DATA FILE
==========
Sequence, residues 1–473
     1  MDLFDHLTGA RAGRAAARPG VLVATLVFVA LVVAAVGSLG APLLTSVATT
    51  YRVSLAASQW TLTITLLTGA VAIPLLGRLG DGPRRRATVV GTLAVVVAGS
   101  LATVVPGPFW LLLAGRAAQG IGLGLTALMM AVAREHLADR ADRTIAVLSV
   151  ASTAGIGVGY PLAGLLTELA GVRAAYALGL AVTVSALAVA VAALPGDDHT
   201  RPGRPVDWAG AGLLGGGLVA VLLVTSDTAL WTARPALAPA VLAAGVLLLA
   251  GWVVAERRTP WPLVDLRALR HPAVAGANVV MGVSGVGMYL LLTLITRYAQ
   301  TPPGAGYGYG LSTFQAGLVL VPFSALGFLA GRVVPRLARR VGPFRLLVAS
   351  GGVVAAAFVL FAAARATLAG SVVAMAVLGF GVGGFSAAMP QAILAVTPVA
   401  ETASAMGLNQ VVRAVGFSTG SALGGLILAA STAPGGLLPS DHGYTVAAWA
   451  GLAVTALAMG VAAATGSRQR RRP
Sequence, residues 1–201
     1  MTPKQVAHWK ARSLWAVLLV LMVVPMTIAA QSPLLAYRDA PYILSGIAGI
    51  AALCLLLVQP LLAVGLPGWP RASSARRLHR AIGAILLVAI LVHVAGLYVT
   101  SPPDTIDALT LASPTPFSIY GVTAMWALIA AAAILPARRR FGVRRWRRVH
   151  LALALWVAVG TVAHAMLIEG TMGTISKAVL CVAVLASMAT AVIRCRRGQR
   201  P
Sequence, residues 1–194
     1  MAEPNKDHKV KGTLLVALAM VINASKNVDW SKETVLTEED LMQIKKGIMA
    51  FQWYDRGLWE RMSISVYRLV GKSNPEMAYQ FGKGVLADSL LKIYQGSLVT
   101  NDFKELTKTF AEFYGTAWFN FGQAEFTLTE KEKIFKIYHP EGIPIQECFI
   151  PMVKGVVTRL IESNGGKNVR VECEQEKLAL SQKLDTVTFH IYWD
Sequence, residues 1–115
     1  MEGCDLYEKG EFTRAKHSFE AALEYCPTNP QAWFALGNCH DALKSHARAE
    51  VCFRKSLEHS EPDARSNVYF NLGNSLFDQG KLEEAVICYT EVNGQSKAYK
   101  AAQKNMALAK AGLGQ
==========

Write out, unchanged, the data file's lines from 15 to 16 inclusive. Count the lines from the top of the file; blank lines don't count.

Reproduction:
   101  SPPDTIDALT LASPTPFSIY GVTAMWALIA AAAILPARRR FGVRRWRRVH
   151  LALALWVAVG TVAHAMLIEG TMGTISKAVL CVAVLASMAT AVIRCRRGQR